The Town of Vienna is laying some ground rules for residents eager to get busy with their birds and bees.
The keeping of chickens, honey bees, and domestic animals is among the many activities that the town is considering adding to its zoning code, which is undergoing its first major update since 1969.
Other proposed new uses range from community gardens and shared kitchens to electric vehicle chargers and independent living facilities, according to a draft that the Vienna Town Council will discuss in a conference session tonight (Wednesday).
Many of these activities can already be found in Vienna, but explicitly putting them in the zoning code will enable the town to impose regulations, including on where they can be located.
“New uses were based mostly on market demand and uses that are not currently clearly stated in our code and require standards, such as keeping of chickens, honey bees and domestic animals,” Michael D’Orazio, the town’s acting planning and zoning director, and acting deputy director Kelly O’Brien said by email.
Working with consultant ZoneCo, which was hired to assist with the Code Create Vienna project in the summer of 2020, town staff also looked at nearby jurisdictions to see what new uses should be added.
Public hearings on the revised zoning code are expected to start this fall, but town staff say they have been discussing a proposed update to the timeline with the town council.
Here are some of the major changes proposed in the latest draft, which was released in November:
Vienna’s zoning ordinance currently doesn’t address outdoor lighting in residential neighborhoods and has few rules for lighting in commercial areas, according to town staff.
Newly proposed residential standards require controlled beams for exterior lights used to illuminate signs, flags, statues, and other objects as well as architecture or landscaping, so drivers and pedestrians are shielded from the glare.
Outdoor search lights, lasers, and strobe lights will be prohibited.
“The residential standards are in response to concerns from some residents about a lack of lighting standards as well as to addresses potential safety issues such as preventing glare for pedestrians and motorists,” staff said.
Special Use Permits
Vienna’s zoning districts all have activities that are permitted and ones that may be allowed if they meet specific conditions.
The draft code adds a third “special use” designation for some activities, such as colleges and universities, that currently require a conditional use permit and often need site plan modifications.
The special use permit would require a planning commission recommendation and final approval from the town council, a more streamlined process than the town council and Board of Zoning Appeals approvals needed for a conditional use permit.
“Also these uses typically have future campus planning involved that would be more appropriate to review with Town Council,” staff said.
Cottage Court Housing
The Town of Vienna sees cottage homes as a way to diversify its housing stock, since they’re smaller than a traditional single-family home but not as intense a condominium or apartment complex.
The town council approved a cottage-style development for the first time in September.
Staff propose permitting cottage housing in the Residential Multi-Unit district intended for denser housing, like duplexes and townhouses, and in the Neighborhood Transitional Zone, which falls in between single-family residential and commercial areas.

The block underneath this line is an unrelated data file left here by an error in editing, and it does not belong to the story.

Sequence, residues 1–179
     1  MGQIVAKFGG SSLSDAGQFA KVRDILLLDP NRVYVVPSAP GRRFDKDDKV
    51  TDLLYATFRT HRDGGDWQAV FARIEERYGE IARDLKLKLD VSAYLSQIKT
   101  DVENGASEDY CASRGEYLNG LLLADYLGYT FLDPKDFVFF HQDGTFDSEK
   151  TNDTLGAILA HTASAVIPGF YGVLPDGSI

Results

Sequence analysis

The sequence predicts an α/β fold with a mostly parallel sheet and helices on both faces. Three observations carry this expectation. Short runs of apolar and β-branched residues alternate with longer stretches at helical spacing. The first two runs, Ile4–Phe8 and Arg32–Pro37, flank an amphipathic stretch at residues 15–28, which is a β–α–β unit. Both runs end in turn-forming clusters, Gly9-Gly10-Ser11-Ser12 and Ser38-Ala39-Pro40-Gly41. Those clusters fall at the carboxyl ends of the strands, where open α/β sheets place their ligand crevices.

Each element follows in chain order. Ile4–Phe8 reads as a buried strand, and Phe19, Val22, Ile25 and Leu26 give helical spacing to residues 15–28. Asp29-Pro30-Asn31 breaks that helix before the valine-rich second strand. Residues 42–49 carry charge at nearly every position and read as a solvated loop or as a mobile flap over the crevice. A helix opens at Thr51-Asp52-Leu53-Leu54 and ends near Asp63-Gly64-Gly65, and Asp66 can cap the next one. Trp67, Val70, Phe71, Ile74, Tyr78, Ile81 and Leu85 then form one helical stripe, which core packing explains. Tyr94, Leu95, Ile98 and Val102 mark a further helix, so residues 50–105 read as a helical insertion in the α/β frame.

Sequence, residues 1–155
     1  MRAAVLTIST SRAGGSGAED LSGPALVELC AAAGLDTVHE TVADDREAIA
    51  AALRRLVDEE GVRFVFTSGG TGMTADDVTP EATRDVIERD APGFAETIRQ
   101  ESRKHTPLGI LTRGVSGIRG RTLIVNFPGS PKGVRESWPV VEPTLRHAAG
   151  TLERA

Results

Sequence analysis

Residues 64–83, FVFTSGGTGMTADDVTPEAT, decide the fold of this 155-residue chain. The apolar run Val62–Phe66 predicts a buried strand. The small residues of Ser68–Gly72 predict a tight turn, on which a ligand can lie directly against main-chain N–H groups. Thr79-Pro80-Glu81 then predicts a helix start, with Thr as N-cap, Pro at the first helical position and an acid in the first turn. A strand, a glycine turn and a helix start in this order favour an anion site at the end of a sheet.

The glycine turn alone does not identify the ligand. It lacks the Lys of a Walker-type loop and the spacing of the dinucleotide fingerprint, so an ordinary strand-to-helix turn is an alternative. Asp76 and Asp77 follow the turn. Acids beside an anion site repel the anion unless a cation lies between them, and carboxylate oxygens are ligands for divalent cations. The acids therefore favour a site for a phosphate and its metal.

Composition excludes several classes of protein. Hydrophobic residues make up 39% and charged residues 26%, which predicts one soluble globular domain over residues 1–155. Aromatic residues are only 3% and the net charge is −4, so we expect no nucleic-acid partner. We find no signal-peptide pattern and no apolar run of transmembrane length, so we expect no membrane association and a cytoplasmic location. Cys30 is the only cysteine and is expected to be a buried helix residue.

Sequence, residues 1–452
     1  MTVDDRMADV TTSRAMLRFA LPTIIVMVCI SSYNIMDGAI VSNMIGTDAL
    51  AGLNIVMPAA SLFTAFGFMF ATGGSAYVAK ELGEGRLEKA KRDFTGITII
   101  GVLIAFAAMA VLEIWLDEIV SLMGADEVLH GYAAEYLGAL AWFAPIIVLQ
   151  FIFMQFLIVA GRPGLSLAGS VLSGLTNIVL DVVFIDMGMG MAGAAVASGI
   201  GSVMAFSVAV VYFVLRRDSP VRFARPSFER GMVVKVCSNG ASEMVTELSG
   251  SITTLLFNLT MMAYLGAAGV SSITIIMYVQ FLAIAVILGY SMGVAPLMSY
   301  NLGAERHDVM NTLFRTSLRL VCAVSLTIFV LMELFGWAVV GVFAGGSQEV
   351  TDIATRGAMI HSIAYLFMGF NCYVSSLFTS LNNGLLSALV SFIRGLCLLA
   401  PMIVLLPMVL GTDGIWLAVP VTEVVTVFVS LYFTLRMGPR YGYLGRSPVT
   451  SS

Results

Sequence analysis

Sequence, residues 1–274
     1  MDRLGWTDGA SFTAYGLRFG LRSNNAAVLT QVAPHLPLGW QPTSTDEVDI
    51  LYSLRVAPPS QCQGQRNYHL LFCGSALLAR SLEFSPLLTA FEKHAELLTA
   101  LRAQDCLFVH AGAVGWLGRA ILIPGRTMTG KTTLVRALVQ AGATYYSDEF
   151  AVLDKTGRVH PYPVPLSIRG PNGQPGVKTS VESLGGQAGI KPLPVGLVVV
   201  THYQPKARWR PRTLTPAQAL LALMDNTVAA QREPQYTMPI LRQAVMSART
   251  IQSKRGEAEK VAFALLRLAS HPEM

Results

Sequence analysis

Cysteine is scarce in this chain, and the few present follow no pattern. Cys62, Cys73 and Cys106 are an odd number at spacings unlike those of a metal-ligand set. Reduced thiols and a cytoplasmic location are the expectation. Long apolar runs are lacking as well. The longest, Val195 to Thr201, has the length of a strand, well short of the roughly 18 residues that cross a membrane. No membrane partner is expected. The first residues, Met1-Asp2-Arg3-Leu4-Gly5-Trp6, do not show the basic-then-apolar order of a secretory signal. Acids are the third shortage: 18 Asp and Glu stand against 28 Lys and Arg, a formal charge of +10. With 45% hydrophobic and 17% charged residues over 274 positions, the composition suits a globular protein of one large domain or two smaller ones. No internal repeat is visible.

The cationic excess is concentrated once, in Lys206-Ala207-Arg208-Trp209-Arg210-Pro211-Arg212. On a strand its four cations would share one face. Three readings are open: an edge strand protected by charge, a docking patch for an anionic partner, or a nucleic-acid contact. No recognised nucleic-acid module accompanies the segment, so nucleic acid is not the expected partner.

Cottage housing could also be a conditional use in the Avenue Center District, which consolidates the commercial zones along Maple Avenue. It’s seen as a option for larger parcels as a transition between the downtown area and neighboring single-family residences.
Vehicle Charging Stations
The draft code introduces electric vehicle charging stations as a general use in several commercial districts and as an accessory use throughout the town, except in the Parks and Conservation zone.
Proposed regulations include:
- Spaces can’t interfere with vehicle, bicycle, or pedestrian circulation, including fire lanes and site access.
- Stations in residential developments can only be used by residents and their guests.
- A minimum height of 3 feet for dispensers in mixed-use or commercial areas
- Maximum height of 9 feet for equipment in a surface parking lot or on the roof of a parking garage
D’Orazio and O’Brien say the language is consistent with what Fairfax County used in its new zoning ordinance, which was adopted last March.
Restaurants and other food service establishments would be allowed to have permanent and temporary outdoor dining areas with an administrative permit, subject to rules related to how many parking spaces can be used and for how long, hours of operation, and noise limitations.
The regulations in the draft resemble a temporary measure that the Vienna Town Council approved in December. According to town staff, the language will be replaced once the council approves a permanent ordinance, which is expected to come before June 30.
Keeping of Chickens, Honey Bees, and Domestic Animals
Under the draft code, up to four chickens and four beehives will be allowed on residential lots.
Commercial activities, including breeding, boarding, and the selling of chicken eggs, will be prohibited, along with roosters and chicken slaughtering.
“Staff has received questions about whether these uses are currently allowed in the past but the code is silent on these specific uses,” staff said. “We are aware there are residents that already have some of these uses currently. This would give standards that would assist in determining compliance.”
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